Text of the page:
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United States Postal Service Letter Carrier Lakesha Dortch-Hardy sorts mail at the Lincoln Park carriers annex in Chicago, November 29, 2012. The USPS, which relies on the sale of stamps and other products rather than taxpayer dollars, has been grappling for years with high costs and tumbling mail volumes as consumers communicate more online.  REUTERS/John Gress (UNITED STATES - Tags: SOCIETY BUSINESS EMPLOYMENT) - RTR3CKKA

The United States Postal Service is looking to get in on the big-data-for-profit game played by tech giants like Facebook and Google, and begin mining and selling private data gathered from personal mail sent from and received by Americans everywhere. USPS chief marketing and sales officer Nagisa Manabe recently told the forward-looking PostalVision 2020 conference that the post office is “actively looking for ways to build new business lines around what not long ago might have been considered science fiction,” eCommerce Bytes reports. Read more...

Wednesday, 16 April 2014 18:54

ComEd asks state for rate hike


Commonwealth Edison Co. is asking regulators to add $3 to the average electricity bill next year to help it fund its massive overhaul of the electricity grid. The rate increase, if approved by the Illinois Commerce Commission, would go into effect in January 2015. The filing is the utility’s fourth request under a formula-based ratemaking process established by a law passed in 2011 to modernize the electrical grid. The idea is to add digital technology to the grid that can automatically repair many outages, eliminate the need for meter readers and lower incidences of electricity theft. Read more...

Wednesday, 16 April 2014 18:11

BRICS countries to set up their own IMF

BRICS countries to set up their own IMF

Very soon, the IMF will cease to be the world's only organization capable of rendering international financial assistance. The BRICS countries are setting up alternative institutions, including a currency reserve pool and a development bank. Read more...


Do you know what happens to your earnings after they are swept up and tossed into the Medicare black hole? A massive, new Medicare data release has uncovered a multimillion-dollar scandal that has been growing through the years. Consumer groups have been pressuring the government to release recent Medicare data and were taken aback when the numbers were finally unveiled. Read more...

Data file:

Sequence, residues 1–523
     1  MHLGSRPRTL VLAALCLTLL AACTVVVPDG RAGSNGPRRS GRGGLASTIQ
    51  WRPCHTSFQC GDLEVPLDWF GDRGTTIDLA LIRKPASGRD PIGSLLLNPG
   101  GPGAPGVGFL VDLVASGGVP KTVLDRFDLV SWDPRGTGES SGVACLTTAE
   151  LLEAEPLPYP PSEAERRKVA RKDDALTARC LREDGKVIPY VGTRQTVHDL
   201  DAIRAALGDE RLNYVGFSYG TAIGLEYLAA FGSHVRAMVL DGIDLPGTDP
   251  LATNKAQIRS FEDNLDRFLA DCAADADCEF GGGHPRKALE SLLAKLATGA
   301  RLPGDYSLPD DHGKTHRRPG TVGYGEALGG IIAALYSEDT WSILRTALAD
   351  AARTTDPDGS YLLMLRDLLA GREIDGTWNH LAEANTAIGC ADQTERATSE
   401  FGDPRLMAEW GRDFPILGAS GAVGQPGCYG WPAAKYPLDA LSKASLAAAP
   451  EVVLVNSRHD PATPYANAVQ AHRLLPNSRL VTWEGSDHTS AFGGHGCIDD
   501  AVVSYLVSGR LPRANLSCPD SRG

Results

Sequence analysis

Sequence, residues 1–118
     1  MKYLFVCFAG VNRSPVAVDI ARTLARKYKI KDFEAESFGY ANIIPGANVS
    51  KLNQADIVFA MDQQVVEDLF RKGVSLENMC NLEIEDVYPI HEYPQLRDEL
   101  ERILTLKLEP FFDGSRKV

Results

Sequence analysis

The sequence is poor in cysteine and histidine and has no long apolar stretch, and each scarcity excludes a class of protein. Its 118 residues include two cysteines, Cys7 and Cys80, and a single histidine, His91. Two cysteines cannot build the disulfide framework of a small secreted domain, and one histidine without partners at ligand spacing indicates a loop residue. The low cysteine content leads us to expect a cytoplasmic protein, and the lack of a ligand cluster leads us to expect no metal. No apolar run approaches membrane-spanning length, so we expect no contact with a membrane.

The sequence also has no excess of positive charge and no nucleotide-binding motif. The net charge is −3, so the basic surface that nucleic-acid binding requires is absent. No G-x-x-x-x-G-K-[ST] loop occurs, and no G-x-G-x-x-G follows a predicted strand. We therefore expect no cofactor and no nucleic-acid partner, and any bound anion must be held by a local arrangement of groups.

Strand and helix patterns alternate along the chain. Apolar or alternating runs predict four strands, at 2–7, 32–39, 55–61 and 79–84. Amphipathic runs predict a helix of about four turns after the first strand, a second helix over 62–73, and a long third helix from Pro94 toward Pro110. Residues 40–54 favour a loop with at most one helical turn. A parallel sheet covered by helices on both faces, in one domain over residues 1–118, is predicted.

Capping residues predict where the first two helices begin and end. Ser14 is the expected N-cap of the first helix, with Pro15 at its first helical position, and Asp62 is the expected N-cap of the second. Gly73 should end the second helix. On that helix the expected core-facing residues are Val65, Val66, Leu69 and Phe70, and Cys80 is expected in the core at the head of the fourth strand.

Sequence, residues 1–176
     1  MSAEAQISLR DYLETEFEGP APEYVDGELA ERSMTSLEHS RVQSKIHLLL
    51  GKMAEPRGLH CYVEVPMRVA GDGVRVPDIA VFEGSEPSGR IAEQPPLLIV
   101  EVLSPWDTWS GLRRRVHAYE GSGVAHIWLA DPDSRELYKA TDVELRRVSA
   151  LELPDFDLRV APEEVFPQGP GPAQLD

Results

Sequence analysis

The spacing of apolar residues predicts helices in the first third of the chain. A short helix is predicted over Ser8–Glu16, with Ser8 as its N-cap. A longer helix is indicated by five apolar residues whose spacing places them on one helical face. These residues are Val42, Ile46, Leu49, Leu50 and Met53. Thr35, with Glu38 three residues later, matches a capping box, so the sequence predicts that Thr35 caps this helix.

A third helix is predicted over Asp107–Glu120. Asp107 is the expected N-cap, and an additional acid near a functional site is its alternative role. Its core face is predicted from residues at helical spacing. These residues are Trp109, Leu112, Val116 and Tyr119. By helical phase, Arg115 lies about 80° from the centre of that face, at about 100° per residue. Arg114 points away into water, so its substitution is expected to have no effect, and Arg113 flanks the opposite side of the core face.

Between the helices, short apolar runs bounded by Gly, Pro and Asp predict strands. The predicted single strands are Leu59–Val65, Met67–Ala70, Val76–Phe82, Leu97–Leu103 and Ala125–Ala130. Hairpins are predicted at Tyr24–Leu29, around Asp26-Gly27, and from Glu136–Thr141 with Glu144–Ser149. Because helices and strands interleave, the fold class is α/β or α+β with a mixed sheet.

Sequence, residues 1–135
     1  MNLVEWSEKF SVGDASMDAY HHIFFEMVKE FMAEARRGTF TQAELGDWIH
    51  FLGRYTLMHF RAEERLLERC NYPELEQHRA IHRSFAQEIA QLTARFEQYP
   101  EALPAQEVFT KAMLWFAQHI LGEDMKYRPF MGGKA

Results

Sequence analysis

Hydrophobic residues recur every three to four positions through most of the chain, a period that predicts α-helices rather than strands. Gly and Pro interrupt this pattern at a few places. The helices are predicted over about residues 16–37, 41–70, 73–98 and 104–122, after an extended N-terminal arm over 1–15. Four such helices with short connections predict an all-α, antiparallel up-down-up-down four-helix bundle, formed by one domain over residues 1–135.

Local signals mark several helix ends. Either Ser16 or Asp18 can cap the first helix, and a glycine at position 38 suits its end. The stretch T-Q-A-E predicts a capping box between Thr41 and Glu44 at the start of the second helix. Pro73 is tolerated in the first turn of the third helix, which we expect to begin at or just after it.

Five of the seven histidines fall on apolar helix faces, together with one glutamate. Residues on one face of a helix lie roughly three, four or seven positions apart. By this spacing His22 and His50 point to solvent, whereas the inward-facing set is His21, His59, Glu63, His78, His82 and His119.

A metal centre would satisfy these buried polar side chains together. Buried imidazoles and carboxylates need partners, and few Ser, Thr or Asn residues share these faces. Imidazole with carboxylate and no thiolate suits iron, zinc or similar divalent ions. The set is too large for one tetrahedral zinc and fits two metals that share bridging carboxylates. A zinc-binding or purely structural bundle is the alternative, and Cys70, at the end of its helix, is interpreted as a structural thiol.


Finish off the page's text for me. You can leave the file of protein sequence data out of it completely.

RIA Novosti / Maksim Bogodvid

Russia will not import GMO products, the country’s Prime Minister Dmitry Medvedev said, adding that the nation has enough space and resources to produce organic food. Moscow has no reason to encourage the production of genetically modified products or import them into the country, Medvedev told a congress of deputies from rural settlements on Saturday. If the Americans like to eat GMO products, let them eat it then. We don’t need to do that; we have enough space and opportunities to produce organic food,” he said. Read more...

Fujitsu's vein-recognition technology identifies a person by scanning the unique pattern of veins.

Scanning veins in the human hand could become the biometric measure of choice  for authentication when we pay for things or want to unlock devices such as smartphones, an Australian professor says. Thanks to the iPhone 5s and Galaxy S5 smartphones, fingerprint scanners are going mainstream quickly. But how will they fare against vein scanning? Read more...

Reuters / Shannon Stapleton

A software company that promises to help Americans avoid the annual misery of filing their IRS returns has, in fact, spent years trying to convince lawmakers to make sure filing taxes remains difficult, thus protecting its business, a new report found. Every year Americans spend an estimated $2 billion and 225 million hours preparing their tax returns by April 15. The process can include obtaining information from a bank or employer, intensive financial disclosures, and, for many Americans, an appointment with a professional accountant who is qualified to evaluate how much money the state and federal government is due. The annual drudgery could be avoided with “return free-filing.” The process would involve an Americans’ employer and bank sending information to the US Internal Revenue Service (IRS), the government sending a bill to an individual, and that person essentially returning their payment in mere minutes, free of charge. Read more...